The April oil market crash will test the determination of majors like Shell and BP, which have recently announced goals to reach net-zero emissions by 2050, according to the International Energy Agency (IEA).
“Whether or not their position will change” in the aftermath of the oil market crash “will be a litmus test” for oil major’s commitment to clean technologies, said Fatih Birol, the IEA’s Executive Director.
Oil prices moved to negative territory for the first time in history last month because of collapsing demand caused by the COVID-19 crisis, Birol pointed out during a EURACTIV online debate on Monday (11 May).
“Oil markets are going through very unusual times,” he said. “But I’m very hopeful,” he added, saying leading European oil majors “will be part of the solution for a sustainable energy future.”
Among major European oil and gas firms, Shell and Eni are considered to have the most ambitious emissions-reduction plans, according to the Transition Pathways Initiative, which assesses companies’ preparedness for the transition to a low carbon economy.
“And this is in my view very good news. Because these companies have a lot of engineering experience, and deep pockets for many of them,” Birol said.
US shale bust
Not everyone is optimistic about the oil sector’s future perspectives, however.
Luxembourg’s energy minister Claude Turmes, who also spoke at the EURACTIV event, warned about the risk of US shale companies going bankrupt, saying the shockwaves could be felt across the global economy.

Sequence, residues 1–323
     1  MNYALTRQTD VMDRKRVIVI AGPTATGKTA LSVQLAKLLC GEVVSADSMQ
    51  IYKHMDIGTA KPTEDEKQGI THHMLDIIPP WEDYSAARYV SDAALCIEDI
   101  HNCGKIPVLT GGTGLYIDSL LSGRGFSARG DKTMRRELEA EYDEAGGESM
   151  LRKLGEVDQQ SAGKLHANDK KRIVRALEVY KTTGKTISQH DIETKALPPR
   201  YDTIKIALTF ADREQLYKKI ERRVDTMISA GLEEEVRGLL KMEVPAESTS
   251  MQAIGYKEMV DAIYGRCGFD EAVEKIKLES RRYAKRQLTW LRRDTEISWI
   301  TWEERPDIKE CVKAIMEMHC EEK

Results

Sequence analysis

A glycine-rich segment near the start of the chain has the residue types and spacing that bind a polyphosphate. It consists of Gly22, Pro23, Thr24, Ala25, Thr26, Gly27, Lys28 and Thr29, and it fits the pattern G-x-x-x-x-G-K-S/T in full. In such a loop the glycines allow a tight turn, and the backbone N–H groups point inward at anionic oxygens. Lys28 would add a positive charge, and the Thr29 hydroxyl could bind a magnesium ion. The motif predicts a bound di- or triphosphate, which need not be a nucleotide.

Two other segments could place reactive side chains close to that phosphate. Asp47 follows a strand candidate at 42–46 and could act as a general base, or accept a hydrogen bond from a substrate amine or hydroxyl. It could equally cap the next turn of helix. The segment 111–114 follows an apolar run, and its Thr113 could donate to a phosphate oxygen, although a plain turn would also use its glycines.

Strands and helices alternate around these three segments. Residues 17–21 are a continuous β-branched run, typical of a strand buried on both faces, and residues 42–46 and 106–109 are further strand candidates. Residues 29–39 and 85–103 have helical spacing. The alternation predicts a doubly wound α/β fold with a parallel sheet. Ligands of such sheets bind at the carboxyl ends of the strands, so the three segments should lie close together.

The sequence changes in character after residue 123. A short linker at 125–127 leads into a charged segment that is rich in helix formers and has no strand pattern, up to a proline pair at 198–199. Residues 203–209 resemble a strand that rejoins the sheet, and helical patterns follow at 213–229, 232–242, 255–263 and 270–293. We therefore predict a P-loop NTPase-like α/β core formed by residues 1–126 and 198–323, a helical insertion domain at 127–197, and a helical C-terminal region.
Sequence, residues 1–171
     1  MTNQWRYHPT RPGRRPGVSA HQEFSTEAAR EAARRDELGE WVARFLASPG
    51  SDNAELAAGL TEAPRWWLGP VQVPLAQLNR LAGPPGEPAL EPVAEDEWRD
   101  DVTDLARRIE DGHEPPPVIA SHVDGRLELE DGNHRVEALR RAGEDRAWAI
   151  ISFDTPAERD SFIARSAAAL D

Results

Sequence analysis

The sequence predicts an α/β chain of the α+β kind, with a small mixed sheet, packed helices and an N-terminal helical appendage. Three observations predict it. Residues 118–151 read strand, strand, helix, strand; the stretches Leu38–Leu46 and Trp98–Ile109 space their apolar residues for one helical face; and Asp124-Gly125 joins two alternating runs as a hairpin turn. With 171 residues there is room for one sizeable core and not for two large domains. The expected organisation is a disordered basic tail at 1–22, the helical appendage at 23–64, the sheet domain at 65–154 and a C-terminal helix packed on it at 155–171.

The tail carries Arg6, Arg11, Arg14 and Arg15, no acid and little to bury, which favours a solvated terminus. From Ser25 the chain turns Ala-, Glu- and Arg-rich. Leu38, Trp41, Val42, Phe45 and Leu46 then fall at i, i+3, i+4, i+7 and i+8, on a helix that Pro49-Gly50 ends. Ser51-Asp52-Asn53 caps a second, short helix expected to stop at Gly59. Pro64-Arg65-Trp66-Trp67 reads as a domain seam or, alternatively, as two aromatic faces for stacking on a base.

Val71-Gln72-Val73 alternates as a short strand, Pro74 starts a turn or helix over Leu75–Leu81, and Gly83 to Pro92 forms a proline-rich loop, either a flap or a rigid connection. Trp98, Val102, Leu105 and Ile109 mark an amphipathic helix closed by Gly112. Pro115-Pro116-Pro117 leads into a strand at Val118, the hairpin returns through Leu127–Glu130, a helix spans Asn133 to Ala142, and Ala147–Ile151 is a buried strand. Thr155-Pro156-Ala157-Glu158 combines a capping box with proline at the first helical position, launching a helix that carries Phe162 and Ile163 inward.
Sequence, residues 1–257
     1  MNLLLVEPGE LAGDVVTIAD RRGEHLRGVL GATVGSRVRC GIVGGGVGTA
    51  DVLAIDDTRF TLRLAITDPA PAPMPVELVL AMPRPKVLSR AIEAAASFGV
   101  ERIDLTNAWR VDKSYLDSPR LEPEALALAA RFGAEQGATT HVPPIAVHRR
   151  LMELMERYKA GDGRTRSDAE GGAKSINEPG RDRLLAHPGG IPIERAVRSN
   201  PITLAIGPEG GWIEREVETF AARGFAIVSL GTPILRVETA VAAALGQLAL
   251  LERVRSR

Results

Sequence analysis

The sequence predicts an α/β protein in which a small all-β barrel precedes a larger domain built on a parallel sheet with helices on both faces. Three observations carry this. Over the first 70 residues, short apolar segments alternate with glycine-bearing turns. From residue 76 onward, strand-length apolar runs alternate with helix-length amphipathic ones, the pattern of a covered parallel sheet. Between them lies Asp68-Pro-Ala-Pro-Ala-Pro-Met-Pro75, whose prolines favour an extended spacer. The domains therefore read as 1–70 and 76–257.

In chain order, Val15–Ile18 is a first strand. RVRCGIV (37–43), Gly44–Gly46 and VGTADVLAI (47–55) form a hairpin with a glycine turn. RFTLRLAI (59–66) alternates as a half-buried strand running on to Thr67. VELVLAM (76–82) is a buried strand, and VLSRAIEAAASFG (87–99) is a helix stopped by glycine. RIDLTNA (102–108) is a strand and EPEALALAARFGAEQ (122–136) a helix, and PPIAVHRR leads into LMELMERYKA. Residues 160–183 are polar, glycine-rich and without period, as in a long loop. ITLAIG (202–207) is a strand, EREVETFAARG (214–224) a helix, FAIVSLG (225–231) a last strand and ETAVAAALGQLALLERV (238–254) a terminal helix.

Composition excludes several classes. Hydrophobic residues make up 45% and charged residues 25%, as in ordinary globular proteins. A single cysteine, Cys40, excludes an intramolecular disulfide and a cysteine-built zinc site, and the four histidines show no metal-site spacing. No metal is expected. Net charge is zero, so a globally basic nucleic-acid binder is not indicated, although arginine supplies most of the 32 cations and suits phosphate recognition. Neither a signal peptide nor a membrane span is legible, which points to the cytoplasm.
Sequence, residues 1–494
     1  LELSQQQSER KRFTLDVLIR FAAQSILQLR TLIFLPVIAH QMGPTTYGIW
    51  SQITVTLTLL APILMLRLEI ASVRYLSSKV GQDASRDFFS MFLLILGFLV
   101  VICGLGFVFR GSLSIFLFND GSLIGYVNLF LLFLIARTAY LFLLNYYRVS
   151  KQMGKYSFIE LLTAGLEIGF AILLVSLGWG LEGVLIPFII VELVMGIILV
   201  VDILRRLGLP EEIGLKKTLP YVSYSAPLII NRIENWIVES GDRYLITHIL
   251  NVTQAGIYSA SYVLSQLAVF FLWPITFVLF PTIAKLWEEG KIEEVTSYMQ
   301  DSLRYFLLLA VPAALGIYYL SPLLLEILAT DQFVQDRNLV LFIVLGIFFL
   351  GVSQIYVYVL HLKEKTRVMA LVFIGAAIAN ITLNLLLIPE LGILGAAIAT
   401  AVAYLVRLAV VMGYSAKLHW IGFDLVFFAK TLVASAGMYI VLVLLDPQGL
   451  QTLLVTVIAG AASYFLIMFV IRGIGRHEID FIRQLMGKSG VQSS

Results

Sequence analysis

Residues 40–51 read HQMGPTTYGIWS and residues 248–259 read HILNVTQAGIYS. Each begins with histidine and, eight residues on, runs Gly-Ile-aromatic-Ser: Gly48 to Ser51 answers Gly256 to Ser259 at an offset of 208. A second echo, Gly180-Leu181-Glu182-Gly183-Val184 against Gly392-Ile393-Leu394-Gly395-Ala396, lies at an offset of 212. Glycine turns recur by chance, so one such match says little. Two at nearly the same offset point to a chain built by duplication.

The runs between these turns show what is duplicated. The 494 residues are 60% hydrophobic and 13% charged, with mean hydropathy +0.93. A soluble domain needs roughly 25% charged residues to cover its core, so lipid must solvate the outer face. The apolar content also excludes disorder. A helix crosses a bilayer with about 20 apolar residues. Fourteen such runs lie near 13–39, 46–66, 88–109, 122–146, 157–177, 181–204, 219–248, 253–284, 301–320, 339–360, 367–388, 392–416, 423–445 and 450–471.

US shale-drilling pioneer Chesapeake Energy warned on Monday that it may not be able to stay in business following the dramatic fall in oil and gas prices caused by the COVID-19 outbreak.
“If American shale gas and shale oil companies go bust, it could really have an impact on the American financial sector, which could spill over to Europe,” Turmes said.
“The last thing we need in the middle of this COVID-19 crisis is a Lehman Brothers 2,” the Luxembourg energy minister warned, referring to the collapse of the US investment bank in 2008, which set off a global financial crash with devastating effects for the European economy.
With low oil demand likely to last, Turmes said he would “personally favour a carbon price floor, at least for the electricity market” in order to decrease Europe’s dependence on fossil fuels.
“Definitely a risk,” IEA says
Birol agreed “there is definitely a risk” that some US shale companies will go bust. “If the US oil industry collapses, this would send ripples through the world economy,” he warned, reminding that oil is the world’s most widely traded commodity on global financial markets.
However, that risk had receded with the relative uptake of oil prices, Birol added, saying that global oil markets remained on “yellow alert” for the time being.
Moreover, the IEA executive director continued, Europeans should not fool themselves about oil.
“Yes, the future is electric, but we will still need oil for years to come,” Birol said, calling on governments to plan for an orderly transition.
Oil and gas companies in particular need to “take the lead to modernise their strategies and increase the share of clean energies in their investment spending plans,” Birol said.
Four European oil and gas majors – Shell, Eni, Total, and Repsol – are considered to be aligned with the 2°C emissions reductions target of the Paris Agreement, according to new research from the Transition Pathway Initiative released on Tuesday (12 May).
BP and OMV are now the only European integrated oil and gas companies who fail to align with the Paris pledges, according to TPI’s analysis.
But despite these commitments, none of the companies are yet aligned with ‘net zero’ or 1.5°C pathways, TPI said.
TPI is an investor initiative backed by over $19 trillion of global capital.
[Edited by Zoran Radosavljevic]